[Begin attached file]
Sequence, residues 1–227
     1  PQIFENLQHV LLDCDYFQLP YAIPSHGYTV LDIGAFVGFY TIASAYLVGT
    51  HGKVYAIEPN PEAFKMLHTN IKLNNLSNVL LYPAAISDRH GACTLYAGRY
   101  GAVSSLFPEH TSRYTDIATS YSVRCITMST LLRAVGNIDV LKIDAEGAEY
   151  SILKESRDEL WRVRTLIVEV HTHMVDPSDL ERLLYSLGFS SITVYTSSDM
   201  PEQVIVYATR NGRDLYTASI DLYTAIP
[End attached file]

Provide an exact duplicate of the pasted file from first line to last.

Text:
Sequence, residues 1–227
     1  PQIFENLQHV LLDCDYFQLP YAIPSHGYTV LDIGAFVGFY TIASAYLVGT
    51  HGKVYAIEPN PEAFKMLHTN IKLNNLSNVL LYPAAISDRH GACTLYAGRY
   101  GAVSSLFPEH TSRYTDIATS YSVRCITMST LLRAVGNIDV LKIDAEGAEY
   151  SILKESRDEL WRVRTLIVEV HTHMVDPSDL ERLLYSLGFS SITVYTSSDM
   201  PEQVIVYATR NGRDLYTASI DLYTAIP